As a one-time immigration lawyer wannabee, I had heard vaguely about citizenship ceremonies but had never attended one. Today I did. A friend of mine from Mexico was becoming a citizen and I jumped at the chance to go as a guest.
It’s one of those things where I imagine many people, at least those not directly participating, experience mixed emotions. On one hand, our country has such restrictive immigration policies and many people who want to make the United States their home may not immigrate legally. Add to that all the problems we have in this country with discrimination, lack of opportunity, wide disparities between rich and poor. On the other hand, there is something uplifting about seeing all these people (about 700 today), from 90 different countries, many of whom have traveled difficult journeys, get to this point. It can make you feel downright patriotic.
At the beginning of the ceremony, the names of the countries represented were read. From the applausometer, it appeared that the largest numbers were from Somalia and Ethiopia, which should come as no surprise, given the large influx of refugees from East Africa to Minnesota a few years back.
Judge Donovan Frank began the presentation by talking about his own experience and background, including as a father of three adopted daughters from other countries and how their citizenship ceremonies have impacted him. You could tell that he is a kind and caring person and that he enjoys presiding at these events.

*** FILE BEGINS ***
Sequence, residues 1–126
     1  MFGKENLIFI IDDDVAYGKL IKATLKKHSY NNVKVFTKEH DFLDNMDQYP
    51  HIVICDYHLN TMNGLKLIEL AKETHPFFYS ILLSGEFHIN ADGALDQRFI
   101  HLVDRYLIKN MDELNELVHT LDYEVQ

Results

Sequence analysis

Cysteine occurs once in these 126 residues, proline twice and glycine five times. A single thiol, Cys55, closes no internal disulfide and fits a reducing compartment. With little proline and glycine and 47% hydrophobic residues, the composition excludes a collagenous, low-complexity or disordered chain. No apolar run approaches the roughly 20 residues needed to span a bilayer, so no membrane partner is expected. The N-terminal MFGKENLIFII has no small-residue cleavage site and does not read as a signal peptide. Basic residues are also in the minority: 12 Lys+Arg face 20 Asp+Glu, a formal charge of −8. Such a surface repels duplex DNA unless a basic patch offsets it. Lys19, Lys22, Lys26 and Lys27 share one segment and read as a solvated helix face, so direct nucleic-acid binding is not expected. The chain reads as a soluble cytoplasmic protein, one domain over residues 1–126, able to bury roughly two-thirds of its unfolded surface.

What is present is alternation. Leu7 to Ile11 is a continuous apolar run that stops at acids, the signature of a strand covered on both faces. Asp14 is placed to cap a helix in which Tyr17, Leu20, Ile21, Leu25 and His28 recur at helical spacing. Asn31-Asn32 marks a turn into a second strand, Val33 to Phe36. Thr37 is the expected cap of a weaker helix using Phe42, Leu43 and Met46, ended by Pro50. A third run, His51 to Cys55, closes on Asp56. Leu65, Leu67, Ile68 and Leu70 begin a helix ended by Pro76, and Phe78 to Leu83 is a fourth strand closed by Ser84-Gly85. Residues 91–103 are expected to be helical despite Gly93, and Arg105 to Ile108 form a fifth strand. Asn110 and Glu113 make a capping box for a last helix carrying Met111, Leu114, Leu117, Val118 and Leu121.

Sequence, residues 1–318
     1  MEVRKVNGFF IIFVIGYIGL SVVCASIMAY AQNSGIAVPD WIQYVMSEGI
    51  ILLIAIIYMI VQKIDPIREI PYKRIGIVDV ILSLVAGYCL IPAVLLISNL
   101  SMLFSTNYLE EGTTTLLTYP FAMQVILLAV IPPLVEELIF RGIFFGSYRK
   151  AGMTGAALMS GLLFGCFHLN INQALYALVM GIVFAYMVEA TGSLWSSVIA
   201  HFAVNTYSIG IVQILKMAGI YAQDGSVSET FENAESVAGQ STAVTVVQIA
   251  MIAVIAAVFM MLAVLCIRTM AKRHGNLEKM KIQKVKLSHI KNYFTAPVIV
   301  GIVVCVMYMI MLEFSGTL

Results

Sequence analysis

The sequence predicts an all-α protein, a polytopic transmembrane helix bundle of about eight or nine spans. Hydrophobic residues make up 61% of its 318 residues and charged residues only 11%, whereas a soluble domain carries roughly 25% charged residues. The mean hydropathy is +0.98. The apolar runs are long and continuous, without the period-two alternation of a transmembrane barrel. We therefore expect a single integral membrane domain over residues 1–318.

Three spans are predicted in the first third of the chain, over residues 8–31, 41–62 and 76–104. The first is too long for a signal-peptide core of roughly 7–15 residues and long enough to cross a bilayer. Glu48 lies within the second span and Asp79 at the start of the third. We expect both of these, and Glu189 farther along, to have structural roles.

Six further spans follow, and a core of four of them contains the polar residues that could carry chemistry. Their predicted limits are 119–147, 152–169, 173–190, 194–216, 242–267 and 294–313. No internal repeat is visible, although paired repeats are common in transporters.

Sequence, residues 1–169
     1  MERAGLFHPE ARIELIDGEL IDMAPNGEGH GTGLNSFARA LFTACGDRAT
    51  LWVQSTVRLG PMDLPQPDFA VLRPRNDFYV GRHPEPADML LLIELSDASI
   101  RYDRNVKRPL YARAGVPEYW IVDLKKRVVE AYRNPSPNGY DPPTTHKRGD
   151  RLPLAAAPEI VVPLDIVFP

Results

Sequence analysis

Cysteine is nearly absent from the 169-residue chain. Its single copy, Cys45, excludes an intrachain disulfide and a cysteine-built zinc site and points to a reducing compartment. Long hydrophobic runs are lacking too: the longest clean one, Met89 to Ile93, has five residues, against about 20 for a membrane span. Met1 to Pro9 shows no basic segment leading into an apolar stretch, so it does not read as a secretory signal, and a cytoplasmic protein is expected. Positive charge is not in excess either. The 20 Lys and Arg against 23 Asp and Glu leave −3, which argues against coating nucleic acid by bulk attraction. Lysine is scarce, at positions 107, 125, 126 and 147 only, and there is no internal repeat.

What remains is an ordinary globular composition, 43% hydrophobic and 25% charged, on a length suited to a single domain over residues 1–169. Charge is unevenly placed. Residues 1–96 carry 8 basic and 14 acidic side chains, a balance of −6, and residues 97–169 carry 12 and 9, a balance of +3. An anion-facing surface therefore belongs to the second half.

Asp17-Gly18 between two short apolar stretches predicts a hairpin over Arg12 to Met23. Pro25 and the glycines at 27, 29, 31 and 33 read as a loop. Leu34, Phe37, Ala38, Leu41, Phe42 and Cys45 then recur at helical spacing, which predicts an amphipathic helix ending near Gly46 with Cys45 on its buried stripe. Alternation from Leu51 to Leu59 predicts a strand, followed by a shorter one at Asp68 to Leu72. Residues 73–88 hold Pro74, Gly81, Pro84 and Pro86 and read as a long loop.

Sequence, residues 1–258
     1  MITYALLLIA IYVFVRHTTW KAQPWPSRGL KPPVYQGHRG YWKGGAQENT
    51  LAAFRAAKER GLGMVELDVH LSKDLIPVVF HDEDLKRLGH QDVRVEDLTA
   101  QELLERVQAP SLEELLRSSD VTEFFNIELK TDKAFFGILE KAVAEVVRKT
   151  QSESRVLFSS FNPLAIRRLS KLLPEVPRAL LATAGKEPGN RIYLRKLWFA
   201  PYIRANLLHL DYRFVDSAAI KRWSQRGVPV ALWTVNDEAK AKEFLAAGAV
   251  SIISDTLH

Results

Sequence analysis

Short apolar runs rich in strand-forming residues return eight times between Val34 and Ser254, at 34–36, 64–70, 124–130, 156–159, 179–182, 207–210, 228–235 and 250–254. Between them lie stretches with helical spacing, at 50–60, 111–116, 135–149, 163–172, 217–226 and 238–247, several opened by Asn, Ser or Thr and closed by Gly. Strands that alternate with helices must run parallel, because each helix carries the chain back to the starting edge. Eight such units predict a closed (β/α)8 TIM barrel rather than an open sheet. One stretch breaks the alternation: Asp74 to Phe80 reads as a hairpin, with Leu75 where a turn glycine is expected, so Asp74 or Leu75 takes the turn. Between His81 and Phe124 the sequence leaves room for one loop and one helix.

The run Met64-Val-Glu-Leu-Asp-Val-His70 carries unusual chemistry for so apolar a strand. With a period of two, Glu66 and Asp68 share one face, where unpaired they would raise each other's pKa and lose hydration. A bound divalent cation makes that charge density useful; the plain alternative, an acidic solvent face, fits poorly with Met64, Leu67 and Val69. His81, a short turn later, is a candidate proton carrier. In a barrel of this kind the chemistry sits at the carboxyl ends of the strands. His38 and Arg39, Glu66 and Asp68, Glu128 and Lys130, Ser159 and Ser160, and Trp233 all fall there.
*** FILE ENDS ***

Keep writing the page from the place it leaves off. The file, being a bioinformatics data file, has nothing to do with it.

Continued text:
There was a musical/visual interlude in which a Disney-like montage of scenes was shown on the big screen while Lee Greenwood’s Proud to Be an American was played (the woman next to me was singing along – I had never even heard of Lee Greenwood). Judge Frank got up from his seat, walked over to the podium and pumped his fist when these lines were sung. This was obviously not the first time he had done this. . .
From the lakes of Minnesota,
to the hills of Tennessee.
Across the plains of Texas,
From sea to shining sea.
My general impression of the event was that people were happy to be there, there was beauty in the diversity of people and cultures, the sun was shining, the humidity level was low, things ran smoothly – I’m so glad I had the opportunity to be there and share this unique experience.